||Applied Partial Differential Equations (4)
||A course in partial differential equations (PDEs). Topics include: mathematical models in physics, theory, and solution of quasi-linear first-order PDEs; second-order linear and nonlinear PDEs, including applications. Fourier series, boundary-value problems, Fourier and Laplace transforms. Numerical methods and solutions. Prerequisite: MATH 241 or consent of instructor.
||If you take this course you can become MATH Minor and it can be used as your Technical Elective.
||Numerical Analysis (4)
||Selected numerical and iterative processes for solving mathematical problems and their applications. Topics include finding roots with bisection and Newton’s method; solving systems of linear equations using LU decomposition and Gauss-Seidel methods; polynomial approximation using Taylor’s Theorem, Lagrange interpolations, and the theory of spline functions; numerical integration using Simpson’s rule and Gaussian integration; Prerequisite: Math 241, some programming skills
||Mathematical and Statistical Modeling (4)
||The process of expressing scientific principles, experiments, and conjectures in mathematical terms. Topics include: gathering reliable data, exposing underlying assumptions, variables, relationships, levels, refining of models, and stochastic models. Deterministic vs. stochastic, discrete vs continuous, and deductive vs statistical models. Prerequisite: Math 211
||Please see MATH Catalog
||Mathematical Statistics and Operations Research (4)
||Topics include: properties of statistics, convergence in probability, theory of estimation and confidence intervals, Bayesian statistics, tests of significance, power and uniformly most powerful tests, random processes (with emphasis on queuing theory), and stationarity. Prerequisite: Math 345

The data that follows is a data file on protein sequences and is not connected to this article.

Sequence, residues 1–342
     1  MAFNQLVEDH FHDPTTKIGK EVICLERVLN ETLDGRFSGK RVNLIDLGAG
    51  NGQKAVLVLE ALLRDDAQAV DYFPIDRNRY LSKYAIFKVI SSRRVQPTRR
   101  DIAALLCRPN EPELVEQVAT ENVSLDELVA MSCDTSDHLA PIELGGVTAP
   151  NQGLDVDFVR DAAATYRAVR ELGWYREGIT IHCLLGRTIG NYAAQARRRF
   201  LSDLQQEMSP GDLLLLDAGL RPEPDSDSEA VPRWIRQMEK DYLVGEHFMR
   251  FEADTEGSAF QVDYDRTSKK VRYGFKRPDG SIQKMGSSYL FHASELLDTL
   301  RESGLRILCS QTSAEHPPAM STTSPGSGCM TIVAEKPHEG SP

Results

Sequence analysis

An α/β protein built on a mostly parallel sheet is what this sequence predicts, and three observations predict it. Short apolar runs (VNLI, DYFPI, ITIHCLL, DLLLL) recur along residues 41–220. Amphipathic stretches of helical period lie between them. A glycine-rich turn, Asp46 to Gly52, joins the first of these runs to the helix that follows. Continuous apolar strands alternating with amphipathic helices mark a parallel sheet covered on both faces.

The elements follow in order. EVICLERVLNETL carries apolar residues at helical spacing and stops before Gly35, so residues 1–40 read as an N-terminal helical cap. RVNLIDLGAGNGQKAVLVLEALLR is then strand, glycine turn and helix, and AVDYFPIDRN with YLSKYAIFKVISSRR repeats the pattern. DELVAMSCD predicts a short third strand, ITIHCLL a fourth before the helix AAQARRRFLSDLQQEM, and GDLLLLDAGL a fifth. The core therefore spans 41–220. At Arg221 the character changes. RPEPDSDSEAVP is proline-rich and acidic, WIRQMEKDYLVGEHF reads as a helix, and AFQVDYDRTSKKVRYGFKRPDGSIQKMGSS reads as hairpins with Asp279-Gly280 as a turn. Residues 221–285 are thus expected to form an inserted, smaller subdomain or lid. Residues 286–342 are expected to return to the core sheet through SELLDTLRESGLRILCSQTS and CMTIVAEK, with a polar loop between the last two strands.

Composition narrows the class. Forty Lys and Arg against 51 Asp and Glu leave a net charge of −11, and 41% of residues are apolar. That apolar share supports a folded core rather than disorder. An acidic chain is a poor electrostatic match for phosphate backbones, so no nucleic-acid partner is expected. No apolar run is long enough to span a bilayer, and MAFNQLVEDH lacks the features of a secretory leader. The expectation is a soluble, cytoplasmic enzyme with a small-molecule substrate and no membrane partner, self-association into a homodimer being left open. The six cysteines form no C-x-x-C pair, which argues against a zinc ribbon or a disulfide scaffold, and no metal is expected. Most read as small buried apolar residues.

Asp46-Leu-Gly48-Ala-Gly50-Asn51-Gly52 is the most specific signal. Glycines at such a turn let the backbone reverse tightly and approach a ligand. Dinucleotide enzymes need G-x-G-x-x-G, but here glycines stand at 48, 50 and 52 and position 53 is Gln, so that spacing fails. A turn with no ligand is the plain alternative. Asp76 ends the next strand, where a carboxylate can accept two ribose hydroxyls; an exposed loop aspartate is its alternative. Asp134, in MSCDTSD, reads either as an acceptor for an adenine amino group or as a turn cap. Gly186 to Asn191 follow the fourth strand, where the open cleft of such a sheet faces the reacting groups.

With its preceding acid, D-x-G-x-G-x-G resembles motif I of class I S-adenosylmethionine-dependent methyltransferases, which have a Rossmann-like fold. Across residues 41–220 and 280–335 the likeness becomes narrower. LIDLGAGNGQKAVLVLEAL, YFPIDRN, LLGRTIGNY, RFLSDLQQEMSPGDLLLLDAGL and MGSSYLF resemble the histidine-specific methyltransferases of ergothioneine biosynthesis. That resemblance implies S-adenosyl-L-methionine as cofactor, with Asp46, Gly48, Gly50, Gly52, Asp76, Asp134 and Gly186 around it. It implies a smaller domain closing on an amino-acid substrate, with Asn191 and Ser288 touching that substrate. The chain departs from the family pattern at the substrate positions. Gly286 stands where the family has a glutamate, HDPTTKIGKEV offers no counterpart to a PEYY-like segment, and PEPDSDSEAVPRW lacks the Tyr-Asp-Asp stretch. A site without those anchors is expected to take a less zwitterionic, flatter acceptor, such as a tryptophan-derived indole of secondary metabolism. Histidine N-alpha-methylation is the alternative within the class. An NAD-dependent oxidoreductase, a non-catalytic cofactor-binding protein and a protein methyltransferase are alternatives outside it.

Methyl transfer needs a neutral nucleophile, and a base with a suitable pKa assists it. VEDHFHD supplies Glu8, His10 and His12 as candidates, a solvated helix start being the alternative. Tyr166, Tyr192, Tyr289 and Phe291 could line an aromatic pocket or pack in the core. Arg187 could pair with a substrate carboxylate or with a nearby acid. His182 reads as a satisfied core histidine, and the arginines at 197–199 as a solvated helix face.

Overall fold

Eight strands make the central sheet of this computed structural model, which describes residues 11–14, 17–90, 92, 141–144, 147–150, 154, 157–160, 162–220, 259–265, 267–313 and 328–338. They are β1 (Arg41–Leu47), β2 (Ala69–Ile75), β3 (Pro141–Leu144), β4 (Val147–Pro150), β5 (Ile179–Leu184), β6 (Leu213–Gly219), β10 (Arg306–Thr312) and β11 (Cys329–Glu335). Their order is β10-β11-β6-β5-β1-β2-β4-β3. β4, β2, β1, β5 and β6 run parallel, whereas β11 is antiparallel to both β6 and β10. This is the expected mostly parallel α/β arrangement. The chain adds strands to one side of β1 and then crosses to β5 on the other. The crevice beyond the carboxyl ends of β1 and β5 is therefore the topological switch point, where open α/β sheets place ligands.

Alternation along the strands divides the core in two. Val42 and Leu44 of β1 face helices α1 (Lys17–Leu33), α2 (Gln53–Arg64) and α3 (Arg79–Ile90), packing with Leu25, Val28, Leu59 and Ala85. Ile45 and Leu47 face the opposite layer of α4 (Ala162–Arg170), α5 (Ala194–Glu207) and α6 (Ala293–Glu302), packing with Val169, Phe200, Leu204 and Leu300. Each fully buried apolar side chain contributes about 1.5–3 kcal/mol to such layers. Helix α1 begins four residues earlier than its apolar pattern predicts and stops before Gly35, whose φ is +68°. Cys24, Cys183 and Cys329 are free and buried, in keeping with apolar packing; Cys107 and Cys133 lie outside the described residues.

||ES 345 counts as prerequisite
||Experimental Design and Regression Analysis (4)
||Advanced course in simple and multiple linear regression analysis; nonlinear and nonparametric regression analysis. Design of experiments and analysis of variance including one-way, two-way and block design; nonparametric techniques and multiple comparison methods. Prerequisite: MATH 265 and either MATH 241 or another course in linear algebra, and MATH 345 or consent of instructor.
||Graph Theory & Combinatorics (3)
||Spring course only (generally) - Set theory, counting techniques such as permutations, combinations, generating functions, partitions and recurrence relations, Polya’s theorem, Hamiltonian and Eulerian properties of graphs, matchings, trees, coloring problems, and planarity. Applications in many disciplines. Prerequisite: MATH 142 or MATH 200 or MATH 220 or consent of instructor.
||In general Graph Theory can be very useful for the Networking class (ES 465) - NOTE Students may not earn credit for both MATH 316 and MATH 416.
||Probability Theory (4)
||Topics include probability spaces, discrete and continuous random variables, selected probability distributions for random phenomena, distributions of functions of random variables, moment generating functions, expected value, covariance and correlation, conditional expectation, law of large numbers and central limit theorem, and sampling distribution of estimators
||Allowed only if the student is graduating and cannot take equivalent ES 345
|MATH 165 (substitute for MATH 142 only)
||Elementary Applied Statistics (4)
||This course is a technology-intensive introduction to elementary statistics. Topics include: elementary descriptive and inferential statistics and their application to the behavioral, natural, and social sciences; sampling; special distributions; central limit theorem; estimation; tests of hypothesis; analysis of variance; linear regression; and correlation. Satisfies the GE Area B4 requirement for mathematics.
||You can take this course in place of MATH 142. DO NOT take MATH 131, as MATH 131 may not be very useful!
|MATH 220 (substitute for MATH 142 only)
||Reasoning and Proof (4)
||This course will teach students to analyze and evaluate scientific and rhetorical reasoning, with emphasis on the reasoning used in Mathematical proofs. Students will identify and evaluate unstated assumptions in statistical tables and charts from real-world media, submit coherent and original proofs of theorems, and develop verbal and non-verbal skills for making persuasive oral arguments and presentations on mathematical topics.
||You can take this course in place of MATH 142.MATH 220 is somewhat similar to MATH 142. DO NOT take MATH 131, as MATH 131 may not be very useful!